Franchise Holding II LLC v. Huntington Restaurants Group Incorporated et al, No. 2:2012cv01363 - Document 28 (D. Ariz. 2012)

Court Description: ORDER denying 17 Motion to Dismiss for Failure to State a Claim; denying 20 Motion to Dismiss for Failure to State a Claim. Signed by Judge David G Campbell on 11/1/2012.(NVO)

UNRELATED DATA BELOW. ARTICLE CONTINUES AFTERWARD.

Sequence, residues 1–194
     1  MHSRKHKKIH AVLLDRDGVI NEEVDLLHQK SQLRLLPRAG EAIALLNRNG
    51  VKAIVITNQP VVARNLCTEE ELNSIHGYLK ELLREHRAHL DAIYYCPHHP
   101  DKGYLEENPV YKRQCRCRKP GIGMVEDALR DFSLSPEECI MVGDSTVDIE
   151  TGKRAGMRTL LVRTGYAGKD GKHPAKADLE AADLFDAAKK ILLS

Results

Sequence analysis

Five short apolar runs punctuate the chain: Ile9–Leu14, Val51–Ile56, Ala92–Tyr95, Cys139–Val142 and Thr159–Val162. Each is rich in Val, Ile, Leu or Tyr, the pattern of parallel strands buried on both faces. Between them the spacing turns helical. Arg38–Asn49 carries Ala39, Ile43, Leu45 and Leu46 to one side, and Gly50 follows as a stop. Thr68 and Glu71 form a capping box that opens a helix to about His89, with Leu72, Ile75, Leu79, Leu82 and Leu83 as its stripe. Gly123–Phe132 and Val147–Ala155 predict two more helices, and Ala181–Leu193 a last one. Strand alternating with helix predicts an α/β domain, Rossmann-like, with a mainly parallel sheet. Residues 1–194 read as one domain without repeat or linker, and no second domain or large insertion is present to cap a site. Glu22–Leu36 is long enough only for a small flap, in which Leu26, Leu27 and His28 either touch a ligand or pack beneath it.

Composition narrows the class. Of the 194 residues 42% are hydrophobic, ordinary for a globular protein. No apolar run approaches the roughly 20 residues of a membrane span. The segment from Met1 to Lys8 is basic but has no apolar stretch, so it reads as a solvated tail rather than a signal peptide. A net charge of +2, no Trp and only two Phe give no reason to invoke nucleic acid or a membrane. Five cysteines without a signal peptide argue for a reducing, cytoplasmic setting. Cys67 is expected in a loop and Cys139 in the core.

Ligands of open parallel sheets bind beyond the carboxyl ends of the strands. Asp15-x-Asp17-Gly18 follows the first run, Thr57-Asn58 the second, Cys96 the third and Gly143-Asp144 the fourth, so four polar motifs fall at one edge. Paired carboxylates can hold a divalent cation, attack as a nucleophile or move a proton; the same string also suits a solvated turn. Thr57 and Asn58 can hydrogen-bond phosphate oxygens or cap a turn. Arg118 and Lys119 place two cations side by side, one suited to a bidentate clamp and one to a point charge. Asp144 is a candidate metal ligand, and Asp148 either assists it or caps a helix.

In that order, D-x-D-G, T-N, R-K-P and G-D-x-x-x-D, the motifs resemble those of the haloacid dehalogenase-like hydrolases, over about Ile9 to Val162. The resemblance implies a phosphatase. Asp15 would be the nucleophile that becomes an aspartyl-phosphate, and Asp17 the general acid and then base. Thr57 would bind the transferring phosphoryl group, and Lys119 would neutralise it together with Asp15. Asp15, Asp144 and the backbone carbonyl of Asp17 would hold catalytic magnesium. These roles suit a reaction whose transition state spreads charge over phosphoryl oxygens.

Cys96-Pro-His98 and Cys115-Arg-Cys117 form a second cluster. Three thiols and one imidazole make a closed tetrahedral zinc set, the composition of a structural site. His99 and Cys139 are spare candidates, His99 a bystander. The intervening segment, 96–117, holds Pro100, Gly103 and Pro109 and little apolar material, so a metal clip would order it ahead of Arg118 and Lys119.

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Franchise Holding II LLC v. Huntington Restaurants Group Incorporated et al 1 Doc. 28 WO 2 3 4 5 6 IN THE UNITED STATES DISTRICT COURT 7 FOR THE DISTRICT OF ARIZONA 8 9 Franchise Holding II, LLC, a Delaware Limited Liability Company, ORDER 10 11 12 13 14 No. CV-12-01363-PHX-DGC Plaintiff, v. Huntington Restaurants Group, Inc., a Texas corporation; Golden Management, Inc., a Florida corporation; Richard Beattie, an individual; and Michelle Beattie, an individual, and as husband and wife, 15 Defendants. 16 17 On August 9, 2012, Richard Beattie and Michelle Beattie (“Defendants”) filed a 18 Rule 12(b)(6) motion to dismiss for failure to state a claim. Doc. 17. On August 27, 19 2012, Franchise Holding II, LLC. (“Plaintiff”) filed its response. 20 September 4, 2012, Huntington Restaurant Group, Inc. and Golden Management, Inc. 21 filed a motion to join in the Beattie’s motion to dismiss. Doc 20. At a scheduling 22 conference on October 24, 2012, the Court informed Plaintiff that it was not required to 23 file an additional response to the joinder motion and that the Court considers the motion 24 fully briefed. Doc. 26. For the following reasons the court will deny Defendants’ motion 25 to dismiss.1 Doc. 19. On 26 27 28 1 The request for oral argument is denied because the issues have been fully briefed and oral argument will not aid the Court’s decision. See Fed. R. Civ. P. 78(b); Partridge v. Reich, 141 F.3d 920, 926 (9th Cir. 1998). 1 I. Background. 2 On January 27, 2003, a default judgment in the amount of $24,874,870.09 plus 3 post judgment interest was entered against Defendants in case No. CV02-066-PHX-FJM. 4 Doc. 1 at 3. On July 20, 2004, The Ninth Circuit affirmed the judgment. Id. 5 Eighteen months later, on January 11, 2006, Plaintiff and Defendants entered in an 6 agreement entitled, “Agreement for Stay of Execution Upon Judgment” (“agreement” or 7 “agreement to stay execution”). Id; Doc. 1-1 at 6-10. The agreement set forth a 8 schedule under which Defendants would make periodic payments until they had paid a 9 total of $13,000,000 by June 1, 2013, at which time Plaintiff agreed to release the 10 remainder of the judgment debt. Doc. 1-1 at 8. Plaintiff agreed to “stay any and all 11 execution upon the Arizona Judgment and such stay shall continue so long as the Beattie 12 Parties timely perform the payment obligations,” and Defendants agreed that they would 13 “not further contest the Arizona Judgment in any manner and . . . withdraw and dismiss 14 all pending motions or other challenges to the Arizona Judgment.” 15 Defendants also agreed to advise Plaintiff of the creation of any entities controlled by 16 Defendants, to withhold all compensation to Richard Beattie, and to allow Plaintiff 17 reasonable access to the financial records of entities controlled by Defendants. Id. at 8-9. 18 In the event that Defendants failed to maintain the payment schedule, the agreement 19 provided that the stay would “immediately cease and [Plaintiff] may, without notice, seek 20 to collect or otherwise enforce the Arizona Judgment to the full extent.” Id. at 8. Id. at 7. The 21 Defendants made all of their scheduled payments until they missed a $1,000,000 22 installment on June 1, 2008. Doc. 1 at 4. Plaintiff notified Defendants of the default 23 under the agreement on or about June 4, 2008, but Defendants have failed to make any 24 additional payments. Plaintiff filed this action for breach of the stay agreement on 25 June 25, 2012. Doc. 1. 26 II. Legal Standard. 27 When analyzing a complaint for failure to state a claim to relief under Rule 28 12(b)(6), the well-pled factual allegations are taken as true and construed in the light -2- 1 most favorable to the nonmoving party. Cousins v. Lockyer, 568 F.3d 1063, 1067 (9th 2 Cir. 2009). Legal conclusions couched as factual allegations are not entitled to the 3 assumption of truth, Ashcroft v. Iqbal, 556 U.S. 662, 680 (2009), and they are insufficient 4 to defeat a motion to dismiss for failure to state a claim, In re Cutera Sec. Litig., 610 F.3d 5 1103, 1108 (9th Cir. 2010). To avoid a Rule 12(b)(6) dismissal, the complaint must 6 plead “enough facts to state a claim to relief that is plausible on its face.” Bell Atl. Corp. 7 v. Twombly, 550 U.S. 544, 570 (2007). 8 III. Analysis. 9 Defendants move to dismiss the action on two separate grounds. First, they claim 10 that the breach of contract claim is really just an attempt to revive the expired judgment. 11 Doc. 17 at 3-5. Because they believe this suit is identical to the prior action, they argue 12 that the doctrine of claim preclusion should bar Plaintiff from bringing it. Id. at 5-6. 13 Alternatively, Defendants assert that the agreement to stay execution was not a legally 14 enforceable contract because it lacked consideration. Id. at 6-8. The Court will address 15 each argument in turn. 16 A. Claim Preclusion. 17 Defendants contend that Plaintiff did not renew its federal court judgment by filing 18 an affidavit under A.R.S. § 12-1612(B), and therefore is barred by Arizona law from 19 bringing any action to enforce the judgment. 20 judgment has expired, Defendants believe this suit is either an impermissible attempt to 21 revive the judgment or an attempt to re-litigate the underlying claim. Arizona law 22 prohibits reviving expired judgments in this manner, and res judicata or claim preclusion 23 prevents the re-litigation of identical claims against identical parties when a final 24 judgment has been entered. See Rein v. Providian Fin. Corp., 270 F.3d 895, 898-99 (9th 25 Cir. 2001). Plaintiff does not dispute that the original claim has expired, but contends 26 that the present suit is for breach of the agreement to stay execution. Doc. 19 at 1. A.R.S. § 12-1551(B). Because the 27 Defendants’ argument that this cause of action is a veiled attempt to enforce the 28 expired judgment is based on the fact that Plaintiff seeks damages of the original -3- 1 judgment amount rather than the reduced amount that Defendants agreed to pay under the 2 agreement to stay execution. Doc. 17 at 5. Defendants claim that this “litigation strategy 3 reveals that the present lawsuit is simply a repeat [of the previous lawsuit]”. Id. 4 On its face, the complaint clearly states that Plaintiff has been damaged “[a]s a 5 result of the Beattie Defendants’ default on the Agreement.” Doc. 1 ¶ 27. Defendants 6 provide no authority for their contention that the amount of damages Plaintiff seeks 7 changes the nature of the suit or theory of the case. Plaintiff has pled a breach of contract 8 action, and the amount of damages Plaintiff seeks does not change the nature of the 9 claim. See Arcilla v. Adidas Promotional Retail Operations, Inc., 488 F. Supp. 2d 965, 10 973 (C.D. Cal. 2007) (noting that a party cited no authority for the argument that a claim 11 should be dismissed because the requested damages may be excessive). 12 13 Because this breach of contract action involves different claims than the original case, the Court finds that Plaintiff is not precluded from bringing it by res judicata. 14 B. Enforceability of the Contract. 15 Defendants contend that the agreement to stay execution was not an enforceable 16 contract but rather a “unilateral covenant to forebear collection” that lacks consideration. 17 Doc. 17 at 7. Because Defendants were under an obligation to pay the full judgment 18 amount immediately, they argue that there was no additional consideration for the 19 agreement to pay money they already owed. 20 Under Arizona law, “a benefit to the promisor or a loss or detriment to the 21 promisee is good consideration for a contract.” Gill v. Kreutzberg, 537 P.2d 44, 46 (App. 22 1975); Cavanagh v. Kelly, 297 P.2d 1102 (1956).2 23 consideration if the promisee is under a preexisting duty to counter-perform.” Travelers 24 Ins. Co. v. Breeze, 675 P.2d 1327, 1330 (App. 1983); see also Restatement (Second) of 25 Contracts § 73 (1981) (“Performance of a legal duty owed to a promisor which is neither However, “a promise lacks 26 27 28 2 The agreement does not specify the applicable law, but both parties use the language of Restatement (Second) of Contracts and cite to Arizona case law. The Court therefore will apply Arizona law. -4- 1 doubtful nor the subject of honest dispute is not consideration; but a similar performance 2 is consideration if it differs from what was required by the duty in a way which reflects 3 more than the pretense of a bargain.”). Although a cause of action for breach of contract 4 in Arizona requires an allegation that the contract was supported by consideration, 5 Salgado v. America’s Servicing Co. No. CV 10-1909, 2011 WL 3903072 (D. Ariz. Sep. 6 6, 2011), courts “do not inquire into the adequacy of consideration,” Carroll v. Lee, 712 7 P.2d 923, 926 (1986), and “questions of the adequacy of consideration are frequently a 8 matter of fact,” Salgado, 2011 WL 3903072 at *2 (citing U.S. Life Title Co. of Arizona v. 9 Gutkin, 732 P.2d 579, 586 (Ct. App. 1986)). 10 Because Defendants were already under an obligation to pay the full judgment 11 amount immediately, a promise to pay less than the full judgment, without more, would 12 not be consideration. Plaintiff argues, however, that the agreement required Defendants 13 to engage in additional acts they were not already obligated to do: (1) make payments on 14 specified dates (Doc. 1-1 at 7-8), (2) cease legal challenges to the judgment (id. at 7), 15 (3) advise Plaintiff of the creation of entities controlled by Defendants (id. at 8), 16 (4) withhold compensation form Richard Beattie (id. at 8-9), and (5) allow Plaintiff 17 access to financial records of entities controlled by Defendants (id. at 9). Plaintiff argues 18 that these additional obligations called for performance that “differ[ed] from what was 19 required by the [pre-existing] duty in a way which reflects more than a pretense of a 20 bargain.” Restatement (Second) of Contracts § 73 (1981). 21 Defendants respond that these additional acts were not consideration for several 22 reasons. First, paying on a particular schedule is not a bargained-for detriment because 23 Defendants were already obligated to pay the full amount immediately. Doc. 23 at 4-5. 24 Second, any agreement to forestall legal challenge was without substance because no 25 additional legal challenge was pending or viable at the time the agreement was reached. 26 Id. at 5-6. Third, as a practical matter, Plaintiff had other ways to gain access to 27 Defendant’s financial data and business events, and in any event “Plaintiff offers no 28 affidavit or allegation to show their utility or exercise.” Id. at 6. Fourth, it is, in -5- 1 Defendants’ view, unlikely that that Richard Beattie could have received compensation 2 anyway and the agreement “fail[s] to attach any value to [it].” Id. at 6-7. 3 When a defendant is legally obligated to pay a judgment amount immediately, his 4 agreement to pay less on a particular schedule does not constitute consideration. 5 Salgado, 2011 WL 3903072 at *2 (“by asserting that he paid less than the note obligated 6 him to pay, Plaintiff has made no plausible allegation that the agreement was supported 7 by consideration.”) Furthermore, the release of hypothetical legal claims is insufficient 8 consideration to support a binding contract. See Restatement (Second) of Contracts § 74 9 (1981). But the additional duties Defendants incurred – to inform Plaintiff of business 10 events, provide access to business records, and withhold compensation – did not exist 11 before the agreement. Defendants’ argument that such obligations were of little value to 12 Plaintiff are unavailing at this stage in the litigation, for courts “do not inquire into the 13 adequacy of consideration.” Carroll, 712 P.2d at 926. Plaintiff has alleged that he 14 agreed to forestall execution of the judgment in exchange for promises that Defendants 15 bind themselves to additional obligations. The Court finds that Plaintiff has alleged 16 consideration sufficient to state a claim for breach of contract. 17 18 19 IT IS ORDERED that Defendants’ motion to dismiss for failure to state a claim is denied. Dated this 1st day of November, 2012. 20 21 22 23 24 25 26 27 28 -6-